By Sofiya Ballin
DeVaun Brown, 22, a senior from Pittsburgh, is a media studies and production major and president of Temple University’s Progressive NAACP. As we celebrate Black History Month, we sat down with Brown to talk about his involvement with the organization and how he’ll advance its mission when he enters the media industry.
Why MSP as a major?
I was a business major. I liked my major — I was management and information systems — but I didn’t like the other courses I had to take. I found out that quantitative literacy was not my best field. An advisor told me about MSP and that I might fit there. I could still work with technology, just now with media, which I also like. It was the perfect fit. Emergent media seemed to be the track that really focused on the information and digital age.
How did you get involved with NAACP?
My freshman year I was very social but I wasn’t in many student organizations. I wanted to get more involved. I heard about NAACP and I knew what it was but I didn’t know about the student chapter. My friend was on the executive board and invited me to a meeting, and I enjoyed it. I eventually became member of the year. I ran for the executive board and I was the press and publicity chair.
That ended up coming in handy!
When I look back on it, yeah! I did not know how to do graphic design and it helped with social media, web development skills and marketing in general. That’s where my foundation was.
I soon ended up being appointed second VP of NAACP. After that year, I was still going to be here and the question was who was going to lead the organization? I thought, why don’t I just do it? I just felt I should take that leadership role and grow as a leader myself because you never know when I might need these skills later.
What makes Temple’s chapter different?
We’re the only chapter in the nation with the word “Progressive” in the title. It got approved by national and I think it really touches home for this chapter. We aspire to be progressively active in the community and we want to promote progress not just staying stagnant.
I know a lot of times people see NAACP think, “Oh yeah you did stuff in the past, that was your moment or era. What are you needed for now?” We want people to see that, as a community we need to continue to be actively progressive.
Ida B. Wells, an influential but not well known journalist was one of your founders. Do you feel enough journalists know about her, especially journalists of color?
I’ve never heard a black journalist say her name and when we talk about our founders, people don’t know she was one of them. I don’t think they know what she’s done for journalism and I don’t think they know what she’s done for this country.
A lot of prominent people really get overlooked and undermined; I think Ida B. Wells is one of those figures.
Do you feel there’s enough people of color represented in the media?
There’s a good amount represented in the media, I just don’t think a lot of them are represented for the right reasons. Is there a good amount of black people represented in the media in a positive light other than sports? No. I think that is something we need to continuously push for.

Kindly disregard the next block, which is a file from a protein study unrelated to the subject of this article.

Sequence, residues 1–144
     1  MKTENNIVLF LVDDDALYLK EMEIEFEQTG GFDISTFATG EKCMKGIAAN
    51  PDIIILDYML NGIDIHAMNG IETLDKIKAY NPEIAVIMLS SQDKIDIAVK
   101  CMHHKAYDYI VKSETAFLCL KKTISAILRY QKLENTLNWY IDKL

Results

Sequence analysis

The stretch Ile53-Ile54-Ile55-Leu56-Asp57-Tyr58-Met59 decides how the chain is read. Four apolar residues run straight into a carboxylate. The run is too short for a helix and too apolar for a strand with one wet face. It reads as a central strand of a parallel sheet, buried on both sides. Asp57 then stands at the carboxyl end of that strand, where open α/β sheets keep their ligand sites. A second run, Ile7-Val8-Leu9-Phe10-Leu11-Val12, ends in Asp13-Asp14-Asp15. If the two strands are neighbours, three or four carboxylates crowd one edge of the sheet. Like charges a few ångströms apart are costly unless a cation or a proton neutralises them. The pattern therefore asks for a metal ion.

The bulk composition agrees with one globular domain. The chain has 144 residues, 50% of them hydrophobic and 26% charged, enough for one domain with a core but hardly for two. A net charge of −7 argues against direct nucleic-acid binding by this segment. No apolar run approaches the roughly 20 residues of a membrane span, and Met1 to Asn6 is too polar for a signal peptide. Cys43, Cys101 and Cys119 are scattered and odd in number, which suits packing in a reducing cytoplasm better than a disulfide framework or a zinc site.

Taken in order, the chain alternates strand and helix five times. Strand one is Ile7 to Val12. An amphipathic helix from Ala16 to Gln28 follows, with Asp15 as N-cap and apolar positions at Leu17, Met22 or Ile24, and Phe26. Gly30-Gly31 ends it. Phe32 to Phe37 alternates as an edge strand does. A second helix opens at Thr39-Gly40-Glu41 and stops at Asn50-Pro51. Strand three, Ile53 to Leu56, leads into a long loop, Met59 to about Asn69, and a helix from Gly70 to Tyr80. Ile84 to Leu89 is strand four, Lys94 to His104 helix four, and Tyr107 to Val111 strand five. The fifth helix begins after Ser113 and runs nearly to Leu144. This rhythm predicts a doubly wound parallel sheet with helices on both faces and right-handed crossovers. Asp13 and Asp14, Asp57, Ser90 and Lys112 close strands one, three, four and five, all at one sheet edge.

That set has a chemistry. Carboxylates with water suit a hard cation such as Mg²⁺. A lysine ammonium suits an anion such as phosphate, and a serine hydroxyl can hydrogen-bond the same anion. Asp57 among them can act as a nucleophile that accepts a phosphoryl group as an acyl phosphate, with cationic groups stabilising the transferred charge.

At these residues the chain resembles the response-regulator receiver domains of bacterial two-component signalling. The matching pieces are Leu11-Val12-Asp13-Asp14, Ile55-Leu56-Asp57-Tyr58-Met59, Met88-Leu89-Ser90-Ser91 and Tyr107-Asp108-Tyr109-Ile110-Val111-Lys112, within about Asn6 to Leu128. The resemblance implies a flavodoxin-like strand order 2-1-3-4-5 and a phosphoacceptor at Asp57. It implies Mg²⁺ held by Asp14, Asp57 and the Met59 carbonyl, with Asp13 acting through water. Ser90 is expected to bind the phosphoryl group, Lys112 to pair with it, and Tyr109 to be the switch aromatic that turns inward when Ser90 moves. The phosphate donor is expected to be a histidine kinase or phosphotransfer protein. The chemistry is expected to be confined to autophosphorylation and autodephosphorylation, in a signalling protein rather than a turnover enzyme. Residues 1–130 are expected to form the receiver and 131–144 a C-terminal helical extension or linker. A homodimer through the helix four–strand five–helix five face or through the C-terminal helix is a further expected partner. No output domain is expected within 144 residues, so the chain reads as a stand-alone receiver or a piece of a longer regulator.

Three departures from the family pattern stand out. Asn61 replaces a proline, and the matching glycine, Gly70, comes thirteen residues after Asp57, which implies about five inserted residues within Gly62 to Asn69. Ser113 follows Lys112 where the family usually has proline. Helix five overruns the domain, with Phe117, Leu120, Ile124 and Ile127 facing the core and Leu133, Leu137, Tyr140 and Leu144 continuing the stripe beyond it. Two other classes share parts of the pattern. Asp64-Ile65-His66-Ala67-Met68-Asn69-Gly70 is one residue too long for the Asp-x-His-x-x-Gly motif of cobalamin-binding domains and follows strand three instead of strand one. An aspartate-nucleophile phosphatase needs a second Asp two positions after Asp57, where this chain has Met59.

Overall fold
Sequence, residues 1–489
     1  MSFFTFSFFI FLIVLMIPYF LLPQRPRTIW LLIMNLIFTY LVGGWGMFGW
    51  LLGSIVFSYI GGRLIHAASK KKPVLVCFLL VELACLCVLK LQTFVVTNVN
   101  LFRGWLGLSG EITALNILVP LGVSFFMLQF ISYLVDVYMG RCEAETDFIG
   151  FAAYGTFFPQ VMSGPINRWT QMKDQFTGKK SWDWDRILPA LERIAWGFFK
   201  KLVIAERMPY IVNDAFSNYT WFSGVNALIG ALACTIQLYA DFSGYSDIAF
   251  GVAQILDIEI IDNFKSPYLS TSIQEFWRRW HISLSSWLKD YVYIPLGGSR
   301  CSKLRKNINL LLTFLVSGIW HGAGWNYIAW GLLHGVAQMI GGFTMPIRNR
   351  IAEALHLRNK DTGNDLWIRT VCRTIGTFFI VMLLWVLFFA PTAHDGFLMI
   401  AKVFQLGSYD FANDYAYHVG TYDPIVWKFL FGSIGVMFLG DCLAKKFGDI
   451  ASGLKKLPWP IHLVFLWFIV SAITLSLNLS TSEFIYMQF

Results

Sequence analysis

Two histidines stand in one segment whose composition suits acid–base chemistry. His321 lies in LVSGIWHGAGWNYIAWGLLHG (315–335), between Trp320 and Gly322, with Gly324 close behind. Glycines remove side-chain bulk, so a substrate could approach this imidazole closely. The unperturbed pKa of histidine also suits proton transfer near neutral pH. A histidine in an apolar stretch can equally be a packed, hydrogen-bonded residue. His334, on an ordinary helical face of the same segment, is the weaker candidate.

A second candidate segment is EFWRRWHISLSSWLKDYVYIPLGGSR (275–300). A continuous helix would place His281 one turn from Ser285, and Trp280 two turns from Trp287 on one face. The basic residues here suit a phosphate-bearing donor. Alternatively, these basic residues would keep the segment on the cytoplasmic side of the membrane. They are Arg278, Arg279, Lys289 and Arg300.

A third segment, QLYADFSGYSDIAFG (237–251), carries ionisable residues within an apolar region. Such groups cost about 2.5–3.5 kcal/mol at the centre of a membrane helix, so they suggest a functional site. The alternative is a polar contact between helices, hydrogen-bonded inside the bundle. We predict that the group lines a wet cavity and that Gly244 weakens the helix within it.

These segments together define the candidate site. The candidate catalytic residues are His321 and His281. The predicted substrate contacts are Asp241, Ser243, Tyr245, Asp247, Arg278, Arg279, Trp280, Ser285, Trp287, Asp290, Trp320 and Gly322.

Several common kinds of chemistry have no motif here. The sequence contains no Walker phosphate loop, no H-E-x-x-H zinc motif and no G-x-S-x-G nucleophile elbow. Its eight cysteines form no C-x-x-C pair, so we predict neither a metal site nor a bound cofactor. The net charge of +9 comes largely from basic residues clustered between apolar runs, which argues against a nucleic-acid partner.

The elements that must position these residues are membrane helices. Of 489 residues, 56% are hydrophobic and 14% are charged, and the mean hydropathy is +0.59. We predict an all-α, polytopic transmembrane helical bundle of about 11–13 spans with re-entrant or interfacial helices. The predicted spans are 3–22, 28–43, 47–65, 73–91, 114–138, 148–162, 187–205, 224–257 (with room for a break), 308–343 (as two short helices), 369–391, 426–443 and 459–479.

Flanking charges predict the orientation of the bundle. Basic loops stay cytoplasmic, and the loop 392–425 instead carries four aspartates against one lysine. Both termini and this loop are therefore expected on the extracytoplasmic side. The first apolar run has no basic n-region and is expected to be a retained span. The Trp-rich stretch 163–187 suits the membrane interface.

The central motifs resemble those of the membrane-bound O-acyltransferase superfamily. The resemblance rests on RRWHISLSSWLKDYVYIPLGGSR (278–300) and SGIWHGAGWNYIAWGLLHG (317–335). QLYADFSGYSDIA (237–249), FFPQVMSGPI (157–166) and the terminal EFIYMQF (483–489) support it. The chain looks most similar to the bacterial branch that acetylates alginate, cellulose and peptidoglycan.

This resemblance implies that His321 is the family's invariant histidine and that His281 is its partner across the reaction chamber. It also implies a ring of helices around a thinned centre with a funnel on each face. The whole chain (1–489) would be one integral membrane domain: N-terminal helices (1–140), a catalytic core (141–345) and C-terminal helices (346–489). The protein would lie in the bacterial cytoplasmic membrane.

How does the NAACP plan on tackling that issue on Temple’s campus?
We had a “Slack-tivism” program and we discussed people being activists online or on social media but not really in person. You may say something on Twitter and you have people protesting but then when it comes time to write letters and go to those stations, no one wants to leave the couch. It’s hard to convince people to do more than just come to our meetings.
Is there anyone of color in the media that you aspire to be like?
Stephan A. Smith. I first saw him on ESPN; he’s the prominent black figure at that station. I admire the way he carries himself. He’s confident and very passionate. Everything I want to see in myself, if not already, he is. That’s where I want to be. He came to Temple in October, he talked about his mentors and how they influenced him. The way he escalated in his career is inspirational. I want to be 40 years old, doing what I love but also being successful and helping others.
Do you plan on incorporating NAACP’s mission in your future work?
The keyword from the mission is “all” because a lot of people see NAACP as a black organization that is not the case. We fight for everybody. If there’s some kind of inequality going on or some kind of civil issue that arises we’re the ones that step in. Since mostly black individuals want to get involved with the organization, it’s seen as a black organization. Some people on campus will say, “You have a white girl on your e-board?” And I say, “Yeah! She’s allowed to be here.”
I’ve been trying to incorporate that more. We also have an e-board member that’s considered disabled and he’s our juvenile ambassador. He recently had a program called “Being Disabled in America.” He’s very passionate and he loves this organization and I love seeing that.
Wherever I am, I will carry that mentality with me making sure that everyone has everyone has equal rights and fighting discrimination or prejudice. Also, making sure I’m not doing it as well.
I would love to also mentor the youth, a lot of them don’t even know their rights.
Why do feel students should join, regardless of race?
If you want to come to a place where there is no judgment, where you can enact change and fight for equality as well as diversity. If you want to join a group of people that really want to make a positive impact on the world, this is the place for you.
Temple University’s Progressive NAACP has meetings every Tuesday at 7 p.m. in the Student Center.
For more information:
Facebook: Temple NAACP